The 2,074-page health reform bill that Senate Majority Leader Harry Reid unveiled last night is a maze of complexity and duplicity. It spends $848 billion over ten years to provide new subsidies for health coverage, increases taxes by $486 billion, and allegedly cuts spending by $491 billion. Yet it still leaves 24 million people without insurance.
The new taxes never will be enough to pay for Reid’s reform plan because Congress does not have the will to make the cuts to Medicare and Medicaid he uses to bring down the bill’s advertised cost.
The American people continue to tell pollsters that they believe the health-reform bills that Congress is considering would increase the deficit, drive up health costs, reduce the quality of care, and increase government bureaucracy.
They are correct. Here are a dozen reasons why:
1. Bait and Switch: The bill starts collecting new and higher taxes next year, but the coverage benefits don’t start until 2014 or later. Sending collections agents out four years before benefits begin is one of the budget gimmicks Senator Reid used so he can claim that the cost of his bill is under $900 billion, as President Obama has demanded.
2. The real cost: The actual ten-year cost of the legislation, once the spending begins, will be $2.5 trillion.
3. The uninsured are still with us. Only 92 percent of all residents will have health insurance by 2019, not even close to the goal of universal coverage.
4. Cuts to hospitals: This will be a serious problem for hospitals that will still be treating uninsured people, including illegal immigrants. The bill reduces payments to these hospitals that serve a large number of low-income patients by $43 billion.
5. Job-killing taxes on employers: Employers will be faced with new penalties and taxes, especially if they hire workers who qualify for any of the new federal subsidies for health insurance. According to the Congressional Budget Office, “Firms with more than 50 workers that did not offer coverage would have to pay a penalty of $750 for each full-time worker if any of their workers obtained subsidized coverage through the insurance exchanges.”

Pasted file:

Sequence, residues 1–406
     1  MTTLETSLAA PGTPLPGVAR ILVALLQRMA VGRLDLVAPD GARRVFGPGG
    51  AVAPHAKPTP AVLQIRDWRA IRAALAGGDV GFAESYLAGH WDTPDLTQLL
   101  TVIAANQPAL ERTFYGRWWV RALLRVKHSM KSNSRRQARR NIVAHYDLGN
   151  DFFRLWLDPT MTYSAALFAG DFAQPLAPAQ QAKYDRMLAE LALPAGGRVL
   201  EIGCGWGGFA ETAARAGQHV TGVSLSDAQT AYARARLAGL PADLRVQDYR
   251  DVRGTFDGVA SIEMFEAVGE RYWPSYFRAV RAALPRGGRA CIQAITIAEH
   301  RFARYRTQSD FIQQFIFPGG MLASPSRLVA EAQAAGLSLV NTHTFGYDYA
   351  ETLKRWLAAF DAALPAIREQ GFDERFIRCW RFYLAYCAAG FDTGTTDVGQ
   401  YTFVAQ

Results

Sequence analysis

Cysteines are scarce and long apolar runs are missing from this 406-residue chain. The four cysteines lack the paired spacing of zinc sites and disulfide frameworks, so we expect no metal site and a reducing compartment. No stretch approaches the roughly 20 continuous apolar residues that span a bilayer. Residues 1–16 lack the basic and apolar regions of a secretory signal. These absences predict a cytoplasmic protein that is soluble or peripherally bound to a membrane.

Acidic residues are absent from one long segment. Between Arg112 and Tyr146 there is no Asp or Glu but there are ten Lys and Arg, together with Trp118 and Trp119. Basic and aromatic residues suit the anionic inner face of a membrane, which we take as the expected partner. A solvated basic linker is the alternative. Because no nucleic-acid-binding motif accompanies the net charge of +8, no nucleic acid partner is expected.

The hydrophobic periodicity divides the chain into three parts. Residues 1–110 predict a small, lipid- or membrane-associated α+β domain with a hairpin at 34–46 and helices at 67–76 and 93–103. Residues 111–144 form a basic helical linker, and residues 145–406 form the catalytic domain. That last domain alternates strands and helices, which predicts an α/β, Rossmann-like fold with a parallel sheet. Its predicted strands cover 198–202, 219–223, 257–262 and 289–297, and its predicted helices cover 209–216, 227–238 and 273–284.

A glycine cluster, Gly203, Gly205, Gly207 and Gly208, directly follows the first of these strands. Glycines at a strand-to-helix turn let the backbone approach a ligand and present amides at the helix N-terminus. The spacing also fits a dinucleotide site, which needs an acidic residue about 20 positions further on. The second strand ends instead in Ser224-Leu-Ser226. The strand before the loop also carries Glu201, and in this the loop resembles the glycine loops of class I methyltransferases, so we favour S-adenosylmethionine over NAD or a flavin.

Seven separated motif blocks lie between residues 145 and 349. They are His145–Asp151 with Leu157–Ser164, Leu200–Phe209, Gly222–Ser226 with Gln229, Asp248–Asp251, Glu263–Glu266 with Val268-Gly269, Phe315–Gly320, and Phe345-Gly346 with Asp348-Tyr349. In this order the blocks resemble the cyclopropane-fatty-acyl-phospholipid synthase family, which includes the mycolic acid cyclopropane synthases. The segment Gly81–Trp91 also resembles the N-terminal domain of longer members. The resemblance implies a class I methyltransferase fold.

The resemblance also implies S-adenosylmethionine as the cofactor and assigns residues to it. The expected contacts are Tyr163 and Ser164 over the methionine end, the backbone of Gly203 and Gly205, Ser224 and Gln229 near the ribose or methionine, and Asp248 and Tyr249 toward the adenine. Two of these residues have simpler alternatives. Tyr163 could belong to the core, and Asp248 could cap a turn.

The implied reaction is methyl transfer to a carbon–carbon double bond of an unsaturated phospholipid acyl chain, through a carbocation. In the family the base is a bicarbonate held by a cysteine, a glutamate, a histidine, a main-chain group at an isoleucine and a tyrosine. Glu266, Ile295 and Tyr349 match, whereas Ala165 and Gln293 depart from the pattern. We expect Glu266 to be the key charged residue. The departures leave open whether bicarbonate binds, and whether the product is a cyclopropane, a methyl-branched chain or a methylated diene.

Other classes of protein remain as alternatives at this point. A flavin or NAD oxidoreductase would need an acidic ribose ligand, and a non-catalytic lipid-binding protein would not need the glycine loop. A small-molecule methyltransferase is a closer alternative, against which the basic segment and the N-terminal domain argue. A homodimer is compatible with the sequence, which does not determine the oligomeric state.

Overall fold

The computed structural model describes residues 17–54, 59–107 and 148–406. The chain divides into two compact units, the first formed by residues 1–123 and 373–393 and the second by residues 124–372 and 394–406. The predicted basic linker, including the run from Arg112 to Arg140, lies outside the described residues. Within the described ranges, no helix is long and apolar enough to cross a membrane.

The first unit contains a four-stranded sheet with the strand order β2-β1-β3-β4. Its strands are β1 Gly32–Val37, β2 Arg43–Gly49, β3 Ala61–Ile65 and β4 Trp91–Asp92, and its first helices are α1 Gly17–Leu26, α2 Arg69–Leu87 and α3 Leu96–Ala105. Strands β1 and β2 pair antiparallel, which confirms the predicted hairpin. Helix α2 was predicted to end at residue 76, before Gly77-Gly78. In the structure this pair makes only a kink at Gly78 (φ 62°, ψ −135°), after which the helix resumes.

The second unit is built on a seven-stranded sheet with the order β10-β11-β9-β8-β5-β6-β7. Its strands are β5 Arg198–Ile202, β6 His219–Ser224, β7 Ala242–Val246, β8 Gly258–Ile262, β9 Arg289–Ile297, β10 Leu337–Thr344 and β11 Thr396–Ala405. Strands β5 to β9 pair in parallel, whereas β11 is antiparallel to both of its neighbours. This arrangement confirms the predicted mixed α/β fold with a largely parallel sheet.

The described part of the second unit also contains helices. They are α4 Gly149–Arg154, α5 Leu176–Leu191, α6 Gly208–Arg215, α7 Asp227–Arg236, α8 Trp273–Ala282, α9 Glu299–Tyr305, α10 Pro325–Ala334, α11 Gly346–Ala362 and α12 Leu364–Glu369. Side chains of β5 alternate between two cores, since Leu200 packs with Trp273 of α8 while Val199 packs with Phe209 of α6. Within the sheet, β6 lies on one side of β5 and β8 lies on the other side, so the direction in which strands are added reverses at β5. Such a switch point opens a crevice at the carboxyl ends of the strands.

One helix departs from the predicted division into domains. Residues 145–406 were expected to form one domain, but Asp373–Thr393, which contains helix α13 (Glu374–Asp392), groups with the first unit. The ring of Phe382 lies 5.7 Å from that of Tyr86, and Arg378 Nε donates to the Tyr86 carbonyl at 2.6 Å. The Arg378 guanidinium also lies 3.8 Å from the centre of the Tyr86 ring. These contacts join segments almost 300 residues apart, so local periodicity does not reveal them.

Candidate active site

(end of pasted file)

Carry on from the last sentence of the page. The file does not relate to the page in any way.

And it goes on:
6. Doc-Fix gimmick: And Reid is playing more games with the so-called “doc-fix,” providing a slight increase for next year but then pretending that Medicare payments to doctors will be cut by 23 percent the following year and that they will stay at that level for good. Doctors should be hopping mad, and the American Medical Association might want to rethink its endorsement of these bills.
7. Abortion: Reid would allow the new government insurance plan to cover abortions and would allow companies that receive federal funds to offer insurance plans that include abortion coverage — using premium funds rather than taxpayer money. The National Right to Life Committee said the language is “completely unacceptable.” This will surely lead to a major floor battle.
8. Losing current coverage: About 5 million people would lose their current employment-based coverage, and millions of seniors would lose their private Medicare Advantage coverage as the program is cut by $118 billion. This is especially problematic because many of the 11 million seniors in Medicare Advantage plans are lower-income seniors who have chosen to enroll because the program provides better benefits and lower costs than traditional Medicare.
9. Scarce subsidies: Despite spending $338 billion on new subsidies through the health-insurance exchanges, just 19 million people will qualify for help with their costs — even though everyone is required to have government-defined health insurance or pay a penalty.
10. Worst-of-both-worlds mandates: Individuals will be required to purchase health insurance, but the penalties are relatively light, providing an incentive for the young and healthy to opt out of coverage. But health-insurance companies still will be required to sell policies to anyone who applies. Which means people can wait until they need expensive medical treatment to buy coverage. Which means premiums for everyone in the pool will soar.
11. Millions more on the dole: ReidCare would add 15 million more people to the rolls of Medicare and the State Children’s Health Insurance Program, exacerbating the budget problems of the states that must share in the costs of this expanded coverage. And in addition to new subsidies for health insurance for the middle class, the bill also creates a new government entitlement program for long-term-care insurance. (In another budget gimmick, the government will be collecting taxes within the ten-year budget window but putting off spending until after 2019.)
12. Progressive payroll tax: The bill increases the Medicare payroll tax for wealthier Americans, creating a new progressive tax schedule for this tax that surely will be raised over and over again. And the revenue goes into the health-reform pot, paying for benefits that have nothing to do with Medicare. This is a dangerous precedent, and only one of the plethora of new and higher taxes included in the plan.
Taxes will go up, bureaucracy will grow, the deficit will swell, and the quality of care will suffer. The American people are right to be very worried about this plan.
— Grace-Marie Turner is president of the Galen Institute.